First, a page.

When I was in junior high school, I had an assignment to do. The night before, I sat down to write something like four pages on a sheet of paper because then it was less common to print works. And then it happened. When I came to match the pages, because I am an orderly and severe student, an accident occurred. I accidentally stubbed my finger, and blood grew all over the paper. This a real problem because who has the patience to rewrite four pages at this stage? So I tried to make the piece artistic, hoping the teacher wouldn’t notice or at least think it was all planned. I waited for the blood to dry, added some decorations with a red marker (to match the visual style of the piece, you see), and handed the work to the teacher the following day with a look of pride.
A few days later, I got the job back – without a grade. The teacher didn’t check it at all. She wrote just a few words, I can see clearly as blood till this day: “That’s not how you hand an assignment!!!”. Fortunately, she gave me a chance to correct and resubmit. I did it with the utmost care, wore gloves, and scored excellently.
The truth is that strange as it may be, over the years, I have discovered that in creating this improvised art, I may have been ahead of my time or missed out on a career as an artist. Among the multitude of raw materials that are used for creations – and among us today, it is possible to “paint” with any material, such as colorful paper folds, food products, leaves, cleaning products, and, of course, human flesh as well – blood occupies a place of dubious honor. Here’s everything you need to know about blood paintings, a blood art world proving that art really has no bounds.
Blood Painting: When The Ink Turns To Blood
The first form you can use blood in an artistic tool is painting. And it’s bizarre, or even morbid, as it sounds. It not only looks like a horror movie: in 1965, Director Herschell Gordon Lewis made a splatter film called “Color Me Blood Red.” The story focuses on a painter who kills people to use their blood to paint his drawings.
Over the years, we have encountered several artists who did the same thing: Well, without murdering people. These famous blood painting artists used blood – mostly their blood – and sometimes combined it with more standard colors. We’re not referring to relationships between famous actors, like that incident where Johnny Depp allegedly wrote offensive messages against Amber Heard on the wall using his blood. We also don’t want to write about period blood painting, cause seriously – What’s wrong with you? Instead, we will refer to legitimate works of art, at least on paper.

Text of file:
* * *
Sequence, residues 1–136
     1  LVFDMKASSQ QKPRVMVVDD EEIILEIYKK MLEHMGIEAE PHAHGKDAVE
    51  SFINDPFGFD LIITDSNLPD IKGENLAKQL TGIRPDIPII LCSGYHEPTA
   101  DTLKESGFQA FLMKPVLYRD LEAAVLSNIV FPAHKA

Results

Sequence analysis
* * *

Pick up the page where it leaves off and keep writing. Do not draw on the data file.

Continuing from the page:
This choice of blood painting, which is, of course, anything but standard, can be done as a protest or criticism, intending to say something about the world of art or our life as a whole. As extreme as it may seem, this decision can also be artistic for all intents and purposes. Believe it or not, some also create impressive paintings using blood, some selling for huge sums.
Even if it is a rare art form or even underground, it raises questions and concerns. We recently read the authorities in Tamil Nadu, a state in southern India, have decided to ban works of art that use human blood, and those caught doing so may be punished. One of the reasons for this is the fear of unhygienic conditions, which can quickly develop into infections and other problems. The blood in our body, we must remember, is a resource far from infinite (unless you are a vampire and can quickly get more blood).
Famous Blood Paintings and Artists
Vincent Castiglia Blood Paintings: An Act Of Sacrifice?
The first example is the New York painter and tattoo artist Vincent Castiglia. He uses blood “to create a blur between the artist and the work,” as he says, and over the years, he “sacrificed on the altar of art” several liters of his blood, creating fascinating human blood paintings.
Vincent Castiglia’s artwork starts with drawings in a standard way, with a pencil. He then draws his own blood, dilutes it, and adds it to the creations using brushes of various sizes. The result is relatively monochromatic photographs, often dealing with the state of the human body or nightmarish objects in the complete sense of the word between birth, life, and death.
Vincent Castiglia paintings are mainly surrealistic and depict themes such as hope, love, survival, and the fleeting human existence in the world. According to Castile, the images express experiences freed from the soul that he experiences. There is no doubt that the blood also adds a realistic dimension to them when Castile paints the skin and “flesh” of the characters with blood.
Blood functions somewhat like other colors since it contains iron oxide and is considered “embroidery.” Creating such a painting may take him several months, and the sale – yes, some people buy images made of blood – can even reach five or six-figure sums.
The “Secret Recipe” Of The Tattoo Artist
Dr. Rev Mayers is an Australian tattoo artist who decided over the years to become what he calls “A Blood Painter.” He uses standard drawing tools and familiar painting techniques, with one difference you can probably already understand: Myers incorporates blood into his works. He says it is purely about his blood if that reassures anyone.